But at least one important purpose is arguably served by party-arbitrator disclosure. The information the appointed-arbitrators disclose may be useful to their colleagues – especially the neutral – in determining what to make of the positions taken by the arbitrators in deliberations. A failure to disclose that information might, in appropriate circumstances, establish that the arbitrator exceeded his powers under Section 10(a)(4) of the FAA. Cf. Sphere Drake, 307 F.3d at 623 (“We have not been given any reason to think that umpire Huggins wanted more information from [party-appointed arbitrator] Jacks in order to know what to make of Jacks’ arguments during deliberations.”); Winfrey, 495 F.3d at 552 (“Simmons presents no evidence indicating that Butler’s partiality deceived or misled the other two arbitrators.”).
Asserting Evident Partiality
In presumed bias cases there are typically two scenarios that give rise to a motion to vacate. First, an arbitrator may disclose a conflict of interest that one of the parties considers indicative of evident partiality. Assuming that a party timely objects to the conflict, the arbitrator does not voluntarily step down, the arbitrators make an award adverse to the objecting party, and the party timely moves to vacate, then the objecting party can legitimately challenge the award on evident partiality grounds.
Second, an arbitrator may fail to disclose an actual or potential conflict of interest, which is subsequently discovered by one of the parties who promptly objects. That party may also legitimately move to vacate the award based on evident partiality grounds.
Establishing Evident Partiality: Applicable Standards
Whether the case involves disclosure or nondisclosure, the potential conflict and its surrounding circumstances must be assessed to determine whether the award should be vacated. Defining a workable standard to assess evident partiality challenges is difficult, and perhaps impossible. The circuits have formulated various “tests” running the gamut from “a reasonable person, considering all the circumstances, would have to conclude” the arbitrator was partial, to a standard which, for all intents and purposes, permits vacatur where the alleged conflict creates an “appearance of bias.” Compare Schmitz v. Zilveti, 20 F.3d 1043, 1047-48 (9th Cir. 1994) (adopting “reasonable impression of partiality” test which it construed as functional equivalent of “appearance of bias”) with Ovalar, 492 F.3d at 137-38 (“[A]rbitrator is disqualified only when a reasonable person, considering all of the circumstances, would have to conclude that an arbitrator was partial to one side;” test satisfied where the “arbitrator knows of a material relationship with a party and fails to disclose it.”); see also Philip J. Loree Jr. & Costas Frangeskides, Arbitration Practice and Procedure in U.S. and U.K. Reinsurance Disputes: Is the Grass any Greener on the Other Side of the Pond?, AIRROC Matters, Vol. 4 No. 1, at 24, 42-43 n.21-22 (Spring 2008) (Part 1) (citing cases) (copy available here).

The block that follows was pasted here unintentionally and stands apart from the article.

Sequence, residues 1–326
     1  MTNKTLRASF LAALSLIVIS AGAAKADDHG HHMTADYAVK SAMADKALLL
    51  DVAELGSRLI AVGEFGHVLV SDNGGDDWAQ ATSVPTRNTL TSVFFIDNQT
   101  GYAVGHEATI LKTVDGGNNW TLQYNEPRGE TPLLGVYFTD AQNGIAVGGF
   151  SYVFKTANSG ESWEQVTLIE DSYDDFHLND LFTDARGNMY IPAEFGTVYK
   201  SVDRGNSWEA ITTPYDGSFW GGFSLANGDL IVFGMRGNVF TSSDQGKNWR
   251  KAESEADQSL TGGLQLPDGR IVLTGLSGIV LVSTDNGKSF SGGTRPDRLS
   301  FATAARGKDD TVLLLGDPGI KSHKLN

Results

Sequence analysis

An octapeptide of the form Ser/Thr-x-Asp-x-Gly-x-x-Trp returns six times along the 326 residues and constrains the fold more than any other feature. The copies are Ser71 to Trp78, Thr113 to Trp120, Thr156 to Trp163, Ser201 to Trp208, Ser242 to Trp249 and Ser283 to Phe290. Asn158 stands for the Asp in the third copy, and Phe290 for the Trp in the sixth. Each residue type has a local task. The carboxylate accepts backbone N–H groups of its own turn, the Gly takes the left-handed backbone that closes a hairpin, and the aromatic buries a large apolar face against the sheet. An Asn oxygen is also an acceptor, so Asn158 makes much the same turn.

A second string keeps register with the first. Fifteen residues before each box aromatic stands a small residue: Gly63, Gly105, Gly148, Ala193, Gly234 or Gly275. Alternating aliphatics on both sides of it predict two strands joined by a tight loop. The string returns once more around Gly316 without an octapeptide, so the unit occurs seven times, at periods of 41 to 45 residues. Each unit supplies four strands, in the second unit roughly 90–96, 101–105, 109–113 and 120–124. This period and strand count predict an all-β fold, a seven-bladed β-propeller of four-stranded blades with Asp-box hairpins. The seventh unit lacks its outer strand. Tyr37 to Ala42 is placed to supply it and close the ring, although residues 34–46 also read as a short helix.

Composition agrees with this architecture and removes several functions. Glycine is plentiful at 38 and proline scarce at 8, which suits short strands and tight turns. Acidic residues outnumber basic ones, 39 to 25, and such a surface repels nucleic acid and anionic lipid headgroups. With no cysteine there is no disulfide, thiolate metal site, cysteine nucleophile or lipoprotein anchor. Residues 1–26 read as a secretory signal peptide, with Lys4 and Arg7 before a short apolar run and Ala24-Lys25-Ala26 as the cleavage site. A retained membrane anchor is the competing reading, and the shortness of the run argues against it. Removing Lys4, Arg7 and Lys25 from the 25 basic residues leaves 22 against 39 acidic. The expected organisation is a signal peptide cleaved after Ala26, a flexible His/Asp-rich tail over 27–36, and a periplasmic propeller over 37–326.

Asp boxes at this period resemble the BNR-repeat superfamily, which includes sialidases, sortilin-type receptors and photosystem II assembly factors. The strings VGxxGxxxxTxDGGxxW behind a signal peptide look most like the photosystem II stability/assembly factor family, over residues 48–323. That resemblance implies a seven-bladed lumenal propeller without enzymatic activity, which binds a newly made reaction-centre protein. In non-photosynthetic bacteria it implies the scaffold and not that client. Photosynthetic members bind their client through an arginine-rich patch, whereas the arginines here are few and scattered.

None of these “tests” is a consistently useful indicator of the outcome of a given case. Reasonable people applying the tests may reach different conclusions based on the same facts, and outcomes may be influenced by fact-dependant policy considerations. The relative strictness or laxity of a test, however, may indicate how predisposed a circuit might be toward granting relief on evident partiality grounds.
But irrespective of how each test may be worded, whether the parties’ expectations of neutrality have been thwarted is a significant, underlying, and sometimes unspoken, consideration. For example, as discussed in Part III.A, when the parties use tripartite arbitration without agreeing on whether, and if so, to what extent, the party-appointed must be neutral, disinterested or independent, then a court will likely conclude that the parties expected the party-appointed arbitrators to be non-neutral and (a) conclude vacatur is inappropriate even if the arbitrator would be deemed evidently partial were he or she a neutral; (b) require the challenging party to show prejudice resulting from the evident partiality; or (c) figure into the evident partiality calculus the parties’ diminished expectations of partiality. (See Part III.A., here, and cases cited.)
One important caveat is that a conflict remains a conflict whether or not it is disclosed, and irrespective of what the arbitrator’s subjective state of mind might be. Suppose a neutral arbitrator owned a 25% equity interest in one of the parties, a closed corporation. The neutral discloses the conflict and says his ownership will not affect his ability to act as a neutral. And suppose that the neutral firmly believes what he says despite his rather significant financial interest in the matter over which he is asked to preside. One of the parties objects, the panel rules against the objecting party, and – although no one can prove or disprove it – the umpire acts completely impartially and gives the losing party the benefit of every doubt. Under these facts the party challenging the award would have a strong (some might say surefire) motion to vacate under the law of every (or virtually every) circuit.
Conversely, failure to disclose a potential conflict does not provide a basis for an evident partiality challenge unless the potential conflict turns out to be an actual conflict or something awfully close to one. We hedge here because there may be relationships between an arbitrator and a party that are material to the evident partiality calculus, but which, in and of themselves, may not qualify as actual conflicts. The United States Court of Appeals for the Second Circuit indicated that the test for evident partiality can be satisfied where the arbitrator “knows of a material relationship with a party and fails to disclose it,” because “[a] reasonable person would have to conclude that an arbitrator who failed to disclose under such circumstances was partial to one side.” See Ovalar, 492 F.3d at 137-38. That suggests to us that the Second Circuit (and perhaps other circuits) will place some weight on the circumstances surrounding the non-disclosure itself in determining whether, based on all of the circumstances, the test for evident partiality is satisfied.
We hope we have provided you with some useful, general information concerning evident partiality. In Part IV. of this series we address Federal Arbitration Act Section 10(a)(3), which authorizes vacatur where a party was prejudiced by an arbitrator’s procedural misconduct.
Tags: 10(a)(2), Actual Bias, Appointed Arbitrators, Bias, Conflict, Disclosure, Evident Partiality, Federal Arbitration Act, Impartiality, Neutral, Nondisclosure, Partiality, Party-Appointed Arbitrators, Presumed Bias, Reasonable Expectations of Neutrality, Sphere Drake Ins. Co. v. All American Life Ins. Co., Trivial Conflict, Umpire, Waiver